Then she shot a glance around the table as if to see whether anyone was going to react with shock or disapproval.
Here are some of the things I share with my mentoring clients when social media come into the picture.
Why ‘doing’ social media can be counter-productive
A social media presence is not compulsory
Don’t believe all of the hype. Especially if you are tying yourself in knots trying to decide what you should do, and this starts to distract you from your business goals.
People have successfully built and expanded businesses for centuries before Twitter et al. came along. Just saying.
Start by matching your social media choices to your confidence
Social media have only been around for give or take a decade (not counting papyrus rolls, that is). As a result of the emergence of new and potential engagement channels, the social media landscape is constantly changing and developing.
Many consultancies have started to become very profitable by contributing to this innovation. They are out to prove a point, and are genuinely excited about social media, as you can imagine. Quite a few pump advice into the blogosphere which can be frankly intimidating for the uninitiated.
For new entrants onto the social media scene this can be bewildering. My advice to nervous newbies always is to do this in steps, and if it helps, stay close to what you know to begin with. Build your confidence from there.
Find out where your target audience hangs out and meet them there
Going back to my photographer friend: where do people share their wedding photos? Facebook, you betcha. For her, Facebook is also a great place to ask the question, ‘where else do you expect to find me?’. The answer is less likely to include LinkedIn than it isFlickr or Pinterest, but she will not know until she asks the question.
Write your own social media rule book
It’s OK to learn on the job here. There are some golden rules to help you avoid costly learning. Cherry pick your ‘experts’ and stick to those whose advice stretches your understanding, but doesn’t require Google Translate to make sense of it. The expert advice will always be on tap for you: go find it when you need more.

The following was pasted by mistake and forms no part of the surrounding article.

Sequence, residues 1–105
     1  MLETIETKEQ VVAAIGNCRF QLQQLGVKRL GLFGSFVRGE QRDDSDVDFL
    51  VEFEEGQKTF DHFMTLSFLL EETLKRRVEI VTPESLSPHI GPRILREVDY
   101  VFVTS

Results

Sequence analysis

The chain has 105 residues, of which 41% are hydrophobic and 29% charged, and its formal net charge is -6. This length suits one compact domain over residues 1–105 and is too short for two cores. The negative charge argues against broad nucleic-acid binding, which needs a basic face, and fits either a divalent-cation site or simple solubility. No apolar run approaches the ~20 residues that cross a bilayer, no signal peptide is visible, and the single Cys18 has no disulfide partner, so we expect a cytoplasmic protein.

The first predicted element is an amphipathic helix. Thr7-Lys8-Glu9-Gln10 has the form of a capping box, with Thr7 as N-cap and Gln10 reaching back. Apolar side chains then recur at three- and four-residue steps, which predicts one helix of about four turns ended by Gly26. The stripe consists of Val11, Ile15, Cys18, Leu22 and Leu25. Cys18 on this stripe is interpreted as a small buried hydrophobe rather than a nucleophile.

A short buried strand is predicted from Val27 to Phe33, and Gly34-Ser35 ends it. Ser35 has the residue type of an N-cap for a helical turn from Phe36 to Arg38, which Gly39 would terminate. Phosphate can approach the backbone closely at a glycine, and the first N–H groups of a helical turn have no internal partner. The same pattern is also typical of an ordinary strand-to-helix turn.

First let’s get going and get some learning done about what does and doesn’t work for your business on social media.
Hold on to your chosen social media mantra
This is not a paper exercise. Use it as a measure to make sure what you do on social media is in line with your business goals and values. If one of your key ingredients is missing, don’t do it.
For example this one to help decide where on social media to be active:
Find your audience, find your voice, engage in the conversation.
This mantra reminds you to do your market research, match your messages to the platform (see 3) and not just tell your story, but to listen to theirs first.
What it boils down to…
Using social media has to be a help to you, not a worry.
Now I look forward to hearing some tales of your own. What great insight you learned yourself would you add to the above?
The key to serendipity is being organised
A few days ago I spotted a bunch of keys in the street near where I live, and stopped to pick them up. As I did so I thought of the logistical nightmare losing my own keys would cause, and the cost of replacing them, and the bother of it all, and how I’d be truly annoyed with myself that I had lost them in the first place, etc.